Catering Crisis Following Brexit Decision

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There have been unavoidable price increases on many products imported from the US and Europe post ‘Brexit’, which are proving harrowing for small business’.

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The UK’s market conditions have changed since the result of the EU Referendum on June 23rd. One of the immediate effects is a severe decline in the value of Sterling.

 

“A significant proportion of our product portfolio is affected by currency changes of the US and Euro dollars. Following the EU referendum, the British Sterling has tumbled against these two currencies and has therefore impacted the cost of some of the products that we supply.” Says Marja Lawrence, operations manager for Funnybones food service.

 

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The products most affected are dairy such as milk and cheese. Farmers in the EU have been producing milk at a loss. They have no incentive to increase production until returns are profitable.

 

“UK milk production is now falling fast. Average daily production for the 14 days to June 25 was 39.4m litres, 9.2% less than for the same period last year (43.4m litres).” Says Michael who also works for Funnybones.

 

The decrease in production and increase in prices effectively means that small businesses will have to spread the cost onto their customers, charging them more for their food, which might have a negative effect on their profits as customers will be less inclined to shop with them.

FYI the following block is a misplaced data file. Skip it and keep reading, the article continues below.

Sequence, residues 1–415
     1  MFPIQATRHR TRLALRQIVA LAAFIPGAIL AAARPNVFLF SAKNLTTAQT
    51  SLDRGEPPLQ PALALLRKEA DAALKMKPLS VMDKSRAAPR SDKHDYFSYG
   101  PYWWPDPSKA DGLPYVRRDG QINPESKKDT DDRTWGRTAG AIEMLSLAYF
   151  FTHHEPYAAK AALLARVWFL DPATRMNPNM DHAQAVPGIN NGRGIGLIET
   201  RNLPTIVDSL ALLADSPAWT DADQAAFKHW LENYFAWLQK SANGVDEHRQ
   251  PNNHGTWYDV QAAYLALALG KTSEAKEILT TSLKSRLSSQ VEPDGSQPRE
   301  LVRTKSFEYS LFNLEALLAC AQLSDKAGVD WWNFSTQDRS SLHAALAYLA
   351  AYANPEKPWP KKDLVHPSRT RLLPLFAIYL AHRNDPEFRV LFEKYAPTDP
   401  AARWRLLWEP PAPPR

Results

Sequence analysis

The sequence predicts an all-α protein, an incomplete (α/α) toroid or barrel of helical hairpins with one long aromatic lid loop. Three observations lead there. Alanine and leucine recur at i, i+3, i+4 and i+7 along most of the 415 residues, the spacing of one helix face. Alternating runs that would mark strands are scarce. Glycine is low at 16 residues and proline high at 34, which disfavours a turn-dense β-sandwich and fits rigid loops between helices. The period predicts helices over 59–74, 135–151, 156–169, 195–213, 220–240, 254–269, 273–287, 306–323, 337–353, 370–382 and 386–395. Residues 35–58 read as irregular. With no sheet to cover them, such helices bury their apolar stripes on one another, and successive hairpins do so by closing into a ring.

Brexit seems to already be affecting the economy despite the fact that the UK hasn’t yet officially divorced the EU. The UK is held in uncertainty as to what will happen next. The not knowing is proving to be a strain on small businesses and their owners.

 

“I have no idea how negotiations will affect my business and in what ways, so I have no plan in place. With regards to food costs, if they continue to escalate then we will probably have to pass on some of the cost to our customers by raising our prices in the shop.” Says Simon Badrock.

 

Small businesses such as Simons, who owns a small food stall in Altrincham, Cheshire, will be affected the most as all the profits he makes are fundamental in keeping his business running.

 

Simon along with many others rely on Funnybones food supplier, with further price increases he might face the prospect of losing his business and so the constant fluctuations in prices of products proves a massive strain on food businesses across the UK.

Aleksandra Ganuszko

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